Obama's Osama remark helps Pak: experts
While the Pakistan government has not responded to statements made in the US presidential debates, there has been a mixed reaction within other circles in Pakistan. Imtiaz Ahmad reports.world Updated: Oct 23, 2012 23:52 IST
While the Pakistan government has not responded to statements made in the US presidential debates, there has been a mixed reaction within other circles in Pakistan.
Political commentator Mujibur Rehman Shami says that while on the one hand it is sad that both candidates have endorsed drone attacks, "what I find encouraging is that Mitt Romney said that he would not let Pakistan fail".
However, this view was challenged by political analyst Aisha Siddiqa who said that the US debate was worrying. "Both American presidential candidates do not seem ready to engage Pakistan. They simply want to dictate terms." Siddiqa said that President Obama's contention that Pakistan would not have given permission for an operation against Osama "actually helps Pakistan more than it harms it".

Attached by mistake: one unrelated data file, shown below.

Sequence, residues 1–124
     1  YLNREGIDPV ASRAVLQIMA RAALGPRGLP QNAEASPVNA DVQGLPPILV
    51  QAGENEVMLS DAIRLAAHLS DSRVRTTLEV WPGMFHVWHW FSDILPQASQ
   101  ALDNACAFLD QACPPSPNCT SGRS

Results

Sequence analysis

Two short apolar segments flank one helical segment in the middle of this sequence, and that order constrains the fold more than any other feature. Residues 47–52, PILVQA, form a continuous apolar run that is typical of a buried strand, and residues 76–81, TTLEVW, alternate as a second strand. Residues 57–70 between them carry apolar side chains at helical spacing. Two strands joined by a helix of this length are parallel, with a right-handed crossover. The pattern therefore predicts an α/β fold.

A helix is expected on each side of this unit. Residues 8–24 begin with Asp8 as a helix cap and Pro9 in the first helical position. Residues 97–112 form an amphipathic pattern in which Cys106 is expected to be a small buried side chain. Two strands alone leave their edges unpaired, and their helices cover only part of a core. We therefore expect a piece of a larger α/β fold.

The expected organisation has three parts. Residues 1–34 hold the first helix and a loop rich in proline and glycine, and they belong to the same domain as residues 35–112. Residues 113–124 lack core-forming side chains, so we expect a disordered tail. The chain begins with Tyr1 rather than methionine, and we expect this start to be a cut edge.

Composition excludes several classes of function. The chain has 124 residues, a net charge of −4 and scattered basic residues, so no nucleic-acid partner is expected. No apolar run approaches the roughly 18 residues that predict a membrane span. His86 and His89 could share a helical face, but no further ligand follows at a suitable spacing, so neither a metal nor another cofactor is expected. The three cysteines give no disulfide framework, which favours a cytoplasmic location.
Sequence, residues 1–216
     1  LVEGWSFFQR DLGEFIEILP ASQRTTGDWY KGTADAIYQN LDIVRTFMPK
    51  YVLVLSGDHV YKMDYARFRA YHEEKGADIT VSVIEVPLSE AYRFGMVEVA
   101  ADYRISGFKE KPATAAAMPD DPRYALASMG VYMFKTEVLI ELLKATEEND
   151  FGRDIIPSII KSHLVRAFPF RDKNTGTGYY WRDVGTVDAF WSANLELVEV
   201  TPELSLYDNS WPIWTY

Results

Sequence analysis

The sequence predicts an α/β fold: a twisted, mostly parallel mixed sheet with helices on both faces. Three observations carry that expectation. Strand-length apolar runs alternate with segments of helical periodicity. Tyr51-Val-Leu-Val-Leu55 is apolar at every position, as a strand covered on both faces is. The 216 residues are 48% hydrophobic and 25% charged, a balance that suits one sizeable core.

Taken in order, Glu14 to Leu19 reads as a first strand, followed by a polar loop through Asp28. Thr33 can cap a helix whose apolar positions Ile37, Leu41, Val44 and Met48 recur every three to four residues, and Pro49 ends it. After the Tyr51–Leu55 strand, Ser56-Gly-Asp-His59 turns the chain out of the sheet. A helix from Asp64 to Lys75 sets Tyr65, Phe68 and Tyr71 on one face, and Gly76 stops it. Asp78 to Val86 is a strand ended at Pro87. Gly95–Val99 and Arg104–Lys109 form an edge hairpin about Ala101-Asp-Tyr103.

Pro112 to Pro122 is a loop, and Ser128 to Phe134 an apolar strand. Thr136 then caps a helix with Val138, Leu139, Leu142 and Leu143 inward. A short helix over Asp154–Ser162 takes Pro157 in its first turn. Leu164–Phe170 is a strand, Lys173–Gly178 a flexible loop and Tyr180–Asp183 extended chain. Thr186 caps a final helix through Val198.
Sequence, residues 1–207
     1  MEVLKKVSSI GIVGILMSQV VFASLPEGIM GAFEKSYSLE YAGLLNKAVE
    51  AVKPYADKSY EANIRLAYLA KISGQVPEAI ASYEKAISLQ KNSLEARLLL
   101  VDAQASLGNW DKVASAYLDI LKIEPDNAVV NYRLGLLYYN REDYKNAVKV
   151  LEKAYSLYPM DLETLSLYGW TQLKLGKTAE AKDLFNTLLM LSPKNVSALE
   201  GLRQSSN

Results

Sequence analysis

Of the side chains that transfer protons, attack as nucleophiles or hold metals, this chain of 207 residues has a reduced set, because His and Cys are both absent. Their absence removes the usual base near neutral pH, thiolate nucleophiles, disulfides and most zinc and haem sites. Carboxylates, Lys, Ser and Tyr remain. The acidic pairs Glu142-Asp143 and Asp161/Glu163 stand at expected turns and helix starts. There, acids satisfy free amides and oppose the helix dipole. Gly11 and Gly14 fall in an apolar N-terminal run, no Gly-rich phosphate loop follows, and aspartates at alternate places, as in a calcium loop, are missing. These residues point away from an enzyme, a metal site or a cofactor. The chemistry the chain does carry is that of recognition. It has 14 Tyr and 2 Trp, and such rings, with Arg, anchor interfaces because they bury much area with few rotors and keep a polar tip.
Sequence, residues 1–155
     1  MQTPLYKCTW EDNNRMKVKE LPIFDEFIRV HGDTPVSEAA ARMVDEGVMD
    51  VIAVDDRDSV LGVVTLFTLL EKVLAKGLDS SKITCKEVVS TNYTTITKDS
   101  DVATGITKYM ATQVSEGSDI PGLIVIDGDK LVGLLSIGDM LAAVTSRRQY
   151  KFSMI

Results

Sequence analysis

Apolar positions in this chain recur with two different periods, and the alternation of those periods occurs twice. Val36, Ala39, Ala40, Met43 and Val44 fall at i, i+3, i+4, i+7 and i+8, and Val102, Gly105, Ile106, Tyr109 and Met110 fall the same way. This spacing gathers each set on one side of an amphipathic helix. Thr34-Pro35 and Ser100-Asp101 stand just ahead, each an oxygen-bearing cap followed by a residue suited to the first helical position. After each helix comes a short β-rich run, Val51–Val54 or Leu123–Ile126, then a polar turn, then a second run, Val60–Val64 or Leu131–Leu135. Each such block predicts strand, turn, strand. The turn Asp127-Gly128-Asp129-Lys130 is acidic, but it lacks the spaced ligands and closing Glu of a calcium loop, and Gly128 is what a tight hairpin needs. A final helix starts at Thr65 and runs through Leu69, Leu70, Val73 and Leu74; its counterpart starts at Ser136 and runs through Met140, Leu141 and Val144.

The same view is taken in Pakistan's military circles. Here the Romney statement of keeping on the right side of a nuclear power has been welcome by the military high command. It has also welcomed the statement that had Pakistan been asked, it would have refused permission - clearing up the widely held belief that the army was involved in the operation.
"The lesser charge is whether the army was sleeping when the American operation was carried out and that is something the army high command can live with," says analyst Farrukh Pitafi.
The bigger issue was that the army high command was suspected of having a part in the US operation which in turn was the reason for the extension given by the president to army chief General Kayani and then ISI chief General Shuja Pasha. "That blemish seems to have been cleaned," said Pitafi.
"The manner in which both candidates talked about Pakistan was insulting. Both agreed to violate our sovernignty by continuing drone attacks while one said that we were not a good ally and another said we would not have cooperated so we were bypassed," commented Talat Masood, an analyst and former army general.